For the cover I knew I wanted the layout to reflect something ‘Pulpy,’ as if illustrating one of those early sci-fi/fantasy stories, with Cyd low in the frame, craning to get into shot being taken by the floating Vuepro camera.
Caught in the flash throwing up ironic ‘love’ hand gestures with a somewhat forced rictus smile as she tries to ignore the danger behind her.
The ultimate ‘Hey- look at me!’ holiday postcard shot you might take and underplay to look cool.
This was a cover I saw in mind right from the planning of book 2 of The OUT, so you could even say it had the unusual effect of dictating the content of the story, not reflecting it or being a scene from it.
Wanting a travel montage of doom, Dan happily provided one in the story – Although with a blasé Cyd becoming bored with it all. ‘Dueling monsters, hey ho. Next!’
This cover and episode also marked a significant change in how I was rendering my art, in that I would outline or ‘Cut out’ in colour the characters and scenes and assign them to different layers in PhotoShop. A rough idea of smoke and dust too.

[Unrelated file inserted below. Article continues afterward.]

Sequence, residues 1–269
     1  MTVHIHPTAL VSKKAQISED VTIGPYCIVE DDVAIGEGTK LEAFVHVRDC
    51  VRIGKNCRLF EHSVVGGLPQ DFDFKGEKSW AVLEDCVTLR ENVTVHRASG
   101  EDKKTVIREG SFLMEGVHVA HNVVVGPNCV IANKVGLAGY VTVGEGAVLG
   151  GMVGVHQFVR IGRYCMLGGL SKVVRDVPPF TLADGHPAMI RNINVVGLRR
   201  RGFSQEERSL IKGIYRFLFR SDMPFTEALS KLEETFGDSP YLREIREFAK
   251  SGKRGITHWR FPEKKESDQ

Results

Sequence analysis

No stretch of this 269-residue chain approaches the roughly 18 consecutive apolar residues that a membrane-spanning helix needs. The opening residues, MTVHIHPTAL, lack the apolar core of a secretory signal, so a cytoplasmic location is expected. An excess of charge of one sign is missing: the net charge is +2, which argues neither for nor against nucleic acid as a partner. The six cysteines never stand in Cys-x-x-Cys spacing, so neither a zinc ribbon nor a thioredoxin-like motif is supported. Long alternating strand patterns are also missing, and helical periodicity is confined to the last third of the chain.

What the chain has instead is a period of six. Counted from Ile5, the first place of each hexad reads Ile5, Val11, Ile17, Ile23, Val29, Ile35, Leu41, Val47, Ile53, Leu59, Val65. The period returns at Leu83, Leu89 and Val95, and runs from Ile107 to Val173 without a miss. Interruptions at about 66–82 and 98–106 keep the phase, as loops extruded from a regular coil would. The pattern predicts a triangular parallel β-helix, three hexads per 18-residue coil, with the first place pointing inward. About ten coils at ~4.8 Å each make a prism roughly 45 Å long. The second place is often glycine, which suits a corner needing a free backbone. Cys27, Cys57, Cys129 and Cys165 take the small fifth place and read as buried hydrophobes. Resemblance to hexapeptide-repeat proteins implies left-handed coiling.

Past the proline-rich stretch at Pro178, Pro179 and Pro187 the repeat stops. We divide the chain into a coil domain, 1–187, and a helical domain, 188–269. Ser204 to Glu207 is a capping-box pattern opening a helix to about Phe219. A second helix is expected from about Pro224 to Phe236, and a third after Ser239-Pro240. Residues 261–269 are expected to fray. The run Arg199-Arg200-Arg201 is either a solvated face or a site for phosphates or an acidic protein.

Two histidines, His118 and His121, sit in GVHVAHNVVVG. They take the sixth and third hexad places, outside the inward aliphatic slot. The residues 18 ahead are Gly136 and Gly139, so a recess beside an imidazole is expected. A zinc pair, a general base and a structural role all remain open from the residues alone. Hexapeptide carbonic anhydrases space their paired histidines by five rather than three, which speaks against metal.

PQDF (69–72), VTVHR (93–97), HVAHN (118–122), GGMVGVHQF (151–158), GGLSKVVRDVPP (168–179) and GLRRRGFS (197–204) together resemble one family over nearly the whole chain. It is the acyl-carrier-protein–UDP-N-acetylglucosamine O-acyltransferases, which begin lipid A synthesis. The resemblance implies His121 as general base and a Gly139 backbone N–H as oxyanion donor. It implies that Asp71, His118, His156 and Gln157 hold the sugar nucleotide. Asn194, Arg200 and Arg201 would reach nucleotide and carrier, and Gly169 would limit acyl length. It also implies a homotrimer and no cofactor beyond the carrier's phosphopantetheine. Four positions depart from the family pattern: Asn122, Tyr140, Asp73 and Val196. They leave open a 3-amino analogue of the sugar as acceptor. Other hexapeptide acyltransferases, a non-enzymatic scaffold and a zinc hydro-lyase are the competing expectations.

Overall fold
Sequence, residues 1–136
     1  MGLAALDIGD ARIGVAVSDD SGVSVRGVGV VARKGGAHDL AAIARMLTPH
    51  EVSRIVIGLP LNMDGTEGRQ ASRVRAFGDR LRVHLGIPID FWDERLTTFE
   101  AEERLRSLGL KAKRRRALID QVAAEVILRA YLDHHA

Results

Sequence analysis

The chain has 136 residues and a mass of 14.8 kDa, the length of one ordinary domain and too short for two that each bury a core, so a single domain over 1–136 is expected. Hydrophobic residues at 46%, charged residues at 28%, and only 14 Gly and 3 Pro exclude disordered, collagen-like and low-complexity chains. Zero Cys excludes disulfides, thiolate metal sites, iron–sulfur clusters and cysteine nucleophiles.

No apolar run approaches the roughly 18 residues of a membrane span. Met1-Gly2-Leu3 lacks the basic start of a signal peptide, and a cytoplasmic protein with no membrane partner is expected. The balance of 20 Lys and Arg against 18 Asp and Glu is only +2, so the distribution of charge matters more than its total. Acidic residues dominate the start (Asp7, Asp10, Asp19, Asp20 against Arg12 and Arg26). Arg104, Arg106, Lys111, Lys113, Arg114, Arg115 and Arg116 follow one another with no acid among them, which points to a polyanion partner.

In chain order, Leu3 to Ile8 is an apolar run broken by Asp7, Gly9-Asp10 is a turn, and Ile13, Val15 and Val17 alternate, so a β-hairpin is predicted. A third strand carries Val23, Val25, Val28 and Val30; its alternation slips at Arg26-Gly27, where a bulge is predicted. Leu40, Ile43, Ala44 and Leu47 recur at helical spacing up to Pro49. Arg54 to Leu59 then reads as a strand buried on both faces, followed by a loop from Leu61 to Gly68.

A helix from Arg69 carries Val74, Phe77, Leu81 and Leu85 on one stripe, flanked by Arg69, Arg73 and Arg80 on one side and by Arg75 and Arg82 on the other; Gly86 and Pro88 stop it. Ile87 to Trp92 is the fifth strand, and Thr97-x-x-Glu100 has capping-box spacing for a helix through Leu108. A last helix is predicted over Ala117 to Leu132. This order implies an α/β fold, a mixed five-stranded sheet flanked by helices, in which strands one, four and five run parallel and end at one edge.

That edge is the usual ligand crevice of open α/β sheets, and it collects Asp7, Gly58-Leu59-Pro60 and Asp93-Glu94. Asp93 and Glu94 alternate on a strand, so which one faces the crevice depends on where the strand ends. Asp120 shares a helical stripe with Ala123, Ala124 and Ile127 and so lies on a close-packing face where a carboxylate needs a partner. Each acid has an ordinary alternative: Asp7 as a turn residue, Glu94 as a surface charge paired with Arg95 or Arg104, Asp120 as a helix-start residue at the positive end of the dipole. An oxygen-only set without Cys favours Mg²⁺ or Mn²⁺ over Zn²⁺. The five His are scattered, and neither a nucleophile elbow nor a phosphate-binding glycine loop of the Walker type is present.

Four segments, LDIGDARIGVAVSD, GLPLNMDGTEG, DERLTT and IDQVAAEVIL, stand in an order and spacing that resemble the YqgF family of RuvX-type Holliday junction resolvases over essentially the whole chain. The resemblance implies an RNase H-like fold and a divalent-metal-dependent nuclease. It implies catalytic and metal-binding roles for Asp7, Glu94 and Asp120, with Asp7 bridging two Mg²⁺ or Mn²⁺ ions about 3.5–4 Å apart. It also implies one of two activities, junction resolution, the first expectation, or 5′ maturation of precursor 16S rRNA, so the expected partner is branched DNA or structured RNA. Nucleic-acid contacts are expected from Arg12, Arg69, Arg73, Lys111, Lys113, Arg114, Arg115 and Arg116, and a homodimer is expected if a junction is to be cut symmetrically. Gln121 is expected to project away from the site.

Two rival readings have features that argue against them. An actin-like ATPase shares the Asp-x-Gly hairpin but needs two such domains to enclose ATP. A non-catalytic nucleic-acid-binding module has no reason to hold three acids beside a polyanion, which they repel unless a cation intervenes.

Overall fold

This would lead to me ultimately drawing in colour and adding the line art later as a final pass.
Here’s a sneak peak look at a future episode to illustrate my current process (subject to inevitable change!). I’m almost fully rendering the tone and colour and still I haven’t started inking the line art.
Theoretically (The jury is still out on this) this minimises unnecessary line art that might get painted over in a shadow and tonal pass and speeds up my work.
The tone and colours can be contained to the layer’s cutout helping me ‘stay within the lines.’
The tag line: “What the Harryhausen? ” was stolen from Bruce Campbell in the TV Series Ash vs Evil Dead and I didn’t expect 2000 AD to use it; too on the nose.
But they did keep the Vue Pro framing which I’m grateful for as it’s again a throwback to the 2000 AD sci-f graphics of old.